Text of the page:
way·yō·mer is translated in Genesis 1 as "And God said" or "Then God said". I was hoping someone would have some insight as to which is correct. Is there a future tense ("then") implied in the word or is it just something additional ("and") God said that may have been in the future or past? Thank you!

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    – agarza
    Jan 11 at 4:06

1 Answer 1


The initial waw (וַ) in וַיֹּ֥אמֶר is just the conjunction (e.g., "and" or "then" for stylistic reasons). The verb itself is in the Qal (from אמר) and is third masculine singular ("he said"). This construction is what scholars refer to as the Qal narrative tense (which is the most common use of the preterite in biblical Hebrew). "The narrative verb indicates sequential action in past time" (i.e., past-tense narration).1 The Qal narrative is sometimes confused with the imperfect, but "the narrative has a pataḥ or qameṣ and the doubling of the letter following the waw, whereas a waw + imperfect has a shewa and no doubling of the following letter."2 Making it slightly trickier to parse, "אָמַר shows a slightly different vowel pattern (a ḥolem in the first syllable) in both the imperfect and narrative forms because the first radical is an aleph."3

So it's just a standard (and common) past-tense narration: "and he said."

Using other English conjunctions to translate the conjunction (waw) is fine and for stylistic reasons helps break up the monotony of reading narratives where almost every sentence might otherwise begin with "and." It has nothing to do with future tense (future would be something like "he will say," regardless of the conjunction used).

1 William Fullilove, Introduction to Hebrew: A Guide for Learning and Using Biblical Hebrew (Phillipsburg, NJ: P&R Publishing, 2017), 145.

2 Ibid., 146.

3 Ibid., 146–7.

  • Thank you for that answer. Does this mean that the "and" MUST mean sequential action in past time, or can it also simply mean "another" without indicating a time sequence? Thank you! Jan 10 at 18:12
  • It's a conjunction. It has no direct relationship with time (i.e., tense and in some instances, aspect, which are derived from the verb). A conjunction's job is to join together sentences. That's it. Any inference of time is not inherent to the conjunction itself. Just like "and" in English. "Then" is ambiguous as to past or future, but is a feature of English and the translator's choice of how to best show a sequence of events in narrative accounts. The Hebrew is simply a conjunction, and its role is to connect two words, sentences, or phrases together.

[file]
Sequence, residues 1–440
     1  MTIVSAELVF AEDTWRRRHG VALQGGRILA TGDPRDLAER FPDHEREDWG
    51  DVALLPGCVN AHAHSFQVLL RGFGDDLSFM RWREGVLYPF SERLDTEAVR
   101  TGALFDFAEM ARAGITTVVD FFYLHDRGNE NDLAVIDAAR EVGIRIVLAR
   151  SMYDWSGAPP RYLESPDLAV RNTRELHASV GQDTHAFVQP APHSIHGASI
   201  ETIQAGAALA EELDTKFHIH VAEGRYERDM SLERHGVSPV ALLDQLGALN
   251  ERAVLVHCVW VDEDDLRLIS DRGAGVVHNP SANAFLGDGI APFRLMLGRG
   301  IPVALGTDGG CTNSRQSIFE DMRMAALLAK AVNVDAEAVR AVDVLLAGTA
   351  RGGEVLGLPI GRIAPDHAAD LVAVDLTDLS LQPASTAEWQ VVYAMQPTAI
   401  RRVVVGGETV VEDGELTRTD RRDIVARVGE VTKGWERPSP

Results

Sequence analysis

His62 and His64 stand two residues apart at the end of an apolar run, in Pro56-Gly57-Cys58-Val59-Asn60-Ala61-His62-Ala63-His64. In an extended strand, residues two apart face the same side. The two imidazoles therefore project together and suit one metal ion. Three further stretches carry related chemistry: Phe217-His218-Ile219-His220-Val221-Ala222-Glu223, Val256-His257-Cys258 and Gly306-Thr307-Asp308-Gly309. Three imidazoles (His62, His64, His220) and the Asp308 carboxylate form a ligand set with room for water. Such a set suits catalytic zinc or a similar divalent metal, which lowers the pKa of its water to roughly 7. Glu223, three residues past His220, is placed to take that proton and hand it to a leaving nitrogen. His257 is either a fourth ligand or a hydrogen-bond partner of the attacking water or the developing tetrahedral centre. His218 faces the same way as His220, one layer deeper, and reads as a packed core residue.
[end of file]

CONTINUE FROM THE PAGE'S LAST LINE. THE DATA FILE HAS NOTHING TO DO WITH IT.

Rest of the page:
– Dan
    Jan 10 at 20:40
  • The verb for "speak" itself implies past tense ("he said"), which has little to nothing to do with the conjunction. If you're trying to build some kind of theological argument on whether these actions took place sequentially or not, you're moving beyond linguistics into other modes of discourse (which is fine, but that's a different question than the one you asked).
    – Dan
    Jan 10 at 20:43
  • Keep in mind that for "time" to be a factor on earth/land, you'd have to have some celestial bodies (e.g., the sun) before it even begins to become a factor in the sense we think of time today, which doesn't even exist until day 4 of the creation. But this is going beyond linguistics....
    – Dan
    Jan 10 at 20:44
  • (but to be clear, a narrative implies a sequence of events, but in respect to the verb, not the conjunction)
    – Dan
    Jan 12 at 19:08

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